'The Weather Man' kicks off second day of Ebertfest
CHAMPAIGN – As the lights came up after "The Weather Man," the first movie of the second day of the Roger Ebert Overlooked Film Festival, Roger Ebert's face lit up along with them.
It's an expression his wife, Chaz Ebert, says she has seen recently from the famed film critic.
"I was so happy to see the look on Roger's face before he went to bed last night," she said. "It was a look of supreme bliss."
While Ebert works to regain the use of his voice after surgeries, Chaz stepped into the spotlight to introduce "The Weather Man," a Nicolas Cage film that fit just about any definition of "overlooked."
Looking out at the full audience on the second day of the festival, screenwriter Steve Conrad said, "It's the most people I've ever seen gathered in one place to see 'The Weather Man' ever."
However, said Conrad, who also wrote "The Pursuit of Happyness," "everyone I know who's made more than one movie thinks that at least one of those movies is overlooked."
Conrad's movie focuses on a Chicago weatherman played by Cage as he tries to fix the failures he feels in his career and his life, including relationships with his Pulitzer Prize-winning father, his children and his ex-wife, all the while fending off food thrown at him by viewers angry because of his inaccurate weather predictions.
"I wanted to write a movie about dignity," Conrad said, later adding, "there's so much to be gained from exploring what makes you sad and what makes you lonely."
Chaz said she and Ebert picked the movie because "it was incredibly human and grown-up in a way that most movies are not."
Don Davis of Champaign said he has attended many film festivals, but Ebertfest is a must-see. "It's really fun to watch movies with people who are into it," he said. "I know that they're all going to be good films."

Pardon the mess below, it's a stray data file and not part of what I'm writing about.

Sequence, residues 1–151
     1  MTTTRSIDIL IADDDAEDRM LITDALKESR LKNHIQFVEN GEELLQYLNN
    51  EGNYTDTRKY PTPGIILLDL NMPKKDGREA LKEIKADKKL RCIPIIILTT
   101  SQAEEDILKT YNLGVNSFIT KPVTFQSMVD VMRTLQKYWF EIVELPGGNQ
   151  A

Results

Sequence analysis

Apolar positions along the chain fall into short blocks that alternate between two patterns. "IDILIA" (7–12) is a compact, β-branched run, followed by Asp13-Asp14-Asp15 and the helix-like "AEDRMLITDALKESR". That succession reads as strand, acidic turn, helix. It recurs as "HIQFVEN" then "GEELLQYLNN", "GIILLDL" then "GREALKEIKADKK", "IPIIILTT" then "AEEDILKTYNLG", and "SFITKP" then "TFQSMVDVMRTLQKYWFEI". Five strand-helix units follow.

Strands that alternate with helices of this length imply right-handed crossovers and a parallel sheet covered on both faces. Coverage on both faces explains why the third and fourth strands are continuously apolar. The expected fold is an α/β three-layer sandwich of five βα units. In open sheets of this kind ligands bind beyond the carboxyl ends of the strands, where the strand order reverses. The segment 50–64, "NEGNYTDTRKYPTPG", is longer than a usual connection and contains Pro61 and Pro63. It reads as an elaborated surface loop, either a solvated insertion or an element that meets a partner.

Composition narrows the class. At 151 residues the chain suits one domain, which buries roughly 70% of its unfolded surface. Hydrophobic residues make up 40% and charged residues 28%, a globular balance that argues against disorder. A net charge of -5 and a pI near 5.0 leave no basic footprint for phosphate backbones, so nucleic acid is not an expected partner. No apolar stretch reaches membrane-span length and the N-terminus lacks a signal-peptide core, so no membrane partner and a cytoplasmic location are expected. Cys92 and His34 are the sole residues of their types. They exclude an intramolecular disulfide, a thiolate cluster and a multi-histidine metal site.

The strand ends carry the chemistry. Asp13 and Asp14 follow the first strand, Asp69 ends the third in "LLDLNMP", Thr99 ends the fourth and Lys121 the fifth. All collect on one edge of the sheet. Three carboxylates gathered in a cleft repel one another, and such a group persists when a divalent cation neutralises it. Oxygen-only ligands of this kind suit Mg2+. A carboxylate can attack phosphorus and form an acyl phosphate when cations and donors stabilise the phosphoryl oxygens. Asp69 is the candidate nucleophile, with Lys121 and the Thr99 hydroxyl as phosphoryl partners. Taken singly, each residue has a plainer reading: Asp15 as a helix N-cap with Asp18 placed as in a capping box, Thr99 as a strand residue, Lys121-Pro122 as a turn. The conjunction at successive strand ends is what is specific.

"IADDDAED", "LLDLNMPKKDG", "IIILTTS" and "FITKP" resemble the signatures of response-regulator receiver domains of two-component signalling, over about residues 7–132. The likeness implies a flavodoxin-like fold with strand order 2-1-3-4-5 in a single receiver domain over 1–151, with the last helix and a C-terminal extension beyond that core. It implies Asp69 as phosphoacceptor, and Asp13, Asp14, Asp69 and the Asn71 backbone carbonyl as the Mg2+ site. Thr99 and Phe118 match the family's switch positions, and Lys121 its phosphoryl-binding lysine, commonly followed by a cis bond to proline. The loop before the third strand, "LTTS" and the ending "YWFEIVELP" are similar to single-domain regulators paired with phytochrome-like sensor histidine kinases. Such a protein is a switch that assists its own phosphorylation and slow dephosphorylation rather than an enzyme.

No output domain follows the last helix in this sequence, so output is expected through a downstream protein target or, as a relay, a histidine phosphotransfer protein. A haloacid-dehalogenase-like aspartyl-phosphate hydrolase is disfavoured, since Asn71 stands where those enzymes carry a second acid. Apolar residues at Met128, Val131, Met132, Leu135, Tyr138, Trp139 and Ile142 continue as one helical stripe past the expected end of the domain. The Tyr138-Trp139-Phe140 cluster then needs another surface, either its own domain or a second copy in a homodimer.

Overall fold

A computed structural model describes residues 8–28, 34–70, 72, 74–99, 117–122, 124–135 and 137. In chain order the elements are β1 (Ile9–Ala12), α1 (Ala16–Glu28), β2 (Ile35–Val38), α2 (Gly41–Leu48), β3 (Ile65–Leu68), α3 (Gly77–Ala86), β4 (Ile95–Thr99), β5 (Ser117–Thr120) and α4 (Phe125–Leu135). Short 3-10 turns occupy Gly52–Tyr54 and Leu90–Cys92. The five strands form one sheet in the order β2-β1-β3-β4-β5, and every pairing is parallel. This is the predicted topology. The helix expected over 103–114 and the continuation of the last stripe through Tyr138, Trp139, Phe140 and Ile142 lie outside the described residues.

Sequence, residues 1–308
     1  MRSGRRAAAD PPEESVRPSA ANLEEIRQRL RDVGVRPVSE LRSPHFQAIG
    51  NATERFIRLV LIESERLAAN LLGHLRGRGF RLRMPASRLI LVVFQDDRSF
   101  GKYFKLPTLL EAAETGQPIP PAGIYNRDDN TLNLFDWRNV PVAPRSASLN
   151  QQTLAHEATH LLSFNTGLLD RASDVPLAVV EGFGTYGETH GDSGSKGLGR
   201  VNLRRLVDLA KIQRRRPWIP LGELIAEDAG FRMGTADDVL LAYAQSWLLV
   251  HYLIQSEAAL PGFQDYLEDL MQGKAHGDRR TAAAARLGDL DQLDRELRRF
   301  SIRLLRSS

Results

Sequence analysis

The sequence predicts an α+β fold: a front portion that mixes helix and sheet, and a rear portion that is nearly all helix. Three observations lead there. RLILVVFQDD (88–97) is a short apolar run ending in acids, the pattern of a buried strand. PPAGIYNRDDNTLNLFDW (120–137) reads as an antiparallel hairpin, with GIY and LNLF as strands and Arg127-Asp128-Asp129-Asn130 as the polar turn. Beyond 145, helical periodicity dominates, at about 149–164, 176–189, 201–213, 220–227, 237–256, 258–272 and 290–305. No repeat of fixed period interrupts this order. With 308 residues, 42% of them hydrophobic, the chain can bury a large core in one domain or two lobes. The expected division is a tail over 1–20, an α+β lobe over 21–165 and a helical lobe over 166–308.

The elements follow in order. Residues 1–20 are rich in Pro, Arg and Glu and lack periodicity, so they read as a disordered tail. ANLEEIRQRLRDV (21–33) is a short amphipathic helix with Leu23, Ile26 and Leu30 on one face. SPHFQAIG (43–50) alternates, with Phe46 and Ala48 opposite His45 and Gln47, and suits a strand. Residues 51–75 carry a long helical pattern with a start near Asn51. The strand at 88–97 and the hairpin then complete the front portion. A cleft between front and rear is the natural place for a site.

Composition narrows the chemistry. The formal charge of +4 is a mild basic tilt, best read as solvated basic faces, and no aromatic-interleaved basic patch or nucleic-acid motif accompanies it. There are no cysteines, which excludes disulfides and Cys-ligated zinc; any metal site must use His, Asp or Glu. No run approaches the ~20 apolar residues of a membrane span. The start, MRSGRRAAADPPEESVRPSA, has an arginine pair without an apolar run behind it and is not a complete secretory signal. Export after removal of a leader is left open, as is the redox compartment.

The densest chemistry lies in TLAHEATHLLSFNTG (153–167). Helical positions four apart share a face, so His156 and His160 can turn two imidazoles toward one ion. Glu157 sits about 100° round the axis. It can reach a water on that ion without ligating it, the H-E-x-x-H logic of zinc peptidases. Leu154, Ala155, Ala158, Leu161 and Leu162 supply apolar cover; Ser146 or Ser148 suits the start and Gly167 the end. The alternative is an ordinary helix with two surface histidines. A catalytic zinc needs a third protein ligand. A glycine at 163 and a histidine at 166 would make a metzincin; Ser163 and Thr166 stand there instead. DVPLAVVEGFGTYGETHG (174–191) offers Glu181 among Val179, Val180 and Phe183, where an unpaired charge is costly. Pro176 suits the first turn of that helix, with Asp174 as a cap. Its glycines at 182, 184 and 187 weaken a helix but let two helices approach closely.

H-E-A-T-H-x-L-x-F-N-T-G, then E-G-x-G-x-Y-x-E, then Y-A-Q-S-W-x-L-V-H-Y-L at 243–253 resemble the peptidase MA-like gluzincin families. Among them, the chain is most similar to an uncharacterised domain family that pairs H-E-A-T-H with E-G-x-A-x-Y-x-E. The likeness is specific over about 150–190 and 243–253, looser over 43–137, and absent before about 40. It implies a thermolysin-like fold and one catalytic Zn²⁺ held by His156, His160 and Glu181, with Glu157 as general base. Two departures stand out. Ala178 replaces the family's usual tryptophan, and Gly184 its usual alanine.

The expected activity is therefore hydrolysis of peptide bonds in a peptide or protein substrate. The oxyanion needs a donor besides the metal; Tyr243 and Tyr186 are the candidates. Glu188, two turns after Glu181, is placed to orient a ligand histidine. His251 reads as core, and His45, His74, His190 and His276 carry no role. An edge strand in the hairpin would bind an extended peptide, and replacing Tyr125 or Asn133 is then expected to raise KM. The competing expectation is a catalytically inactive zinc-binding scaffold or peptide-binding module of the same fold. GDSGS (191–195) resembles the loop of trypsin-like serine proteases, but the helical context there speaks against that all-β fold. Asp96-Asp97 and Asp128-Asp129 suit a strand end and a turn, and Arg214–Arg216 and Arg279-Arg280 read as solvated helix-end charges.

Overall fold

Actor Gil Bellows, whose character was a pedophile counselor in the movie, told festivalgoers he has probably read more than 1,000 scripts in his life, but that "The Weather Man," is one of his favorites. In the panel discussion after the movie, Bellows praised Conrad's "ability to get inside someone's insecurities or shortcomings."
Self-professed festival gluttons Kay and Manny Silver came from Evanston, where much of the movie was shot. They also took classes with Ebert at the University of Chicago in the '70s, Kay said, "before he got so famous."
Though the Silvers liked the movie, they found it hard to classify, with elements of comedy, drama, sadness and joy.
"There are some parts that are cringeworthy, but also the humor," Chaz Ebert said during the discussion. "I guess that's deliberate?"
"Oh, absolutely," Conrad said. "I just think it's much more fun to be messier than that and go all over the place."
Audience members seemed glad of the places they went.
"It's probably the most fun event that we have here in Champaign-Urbana all year-round," said Carol Livingstone of Urbana. "The best movies I've ever seen, I've seen at this festival."
And like many at Ebertfest, she's an Ebert fan.
"He's totally awesome," she said. "He's found a really unique way to give back his gifts to his hometown."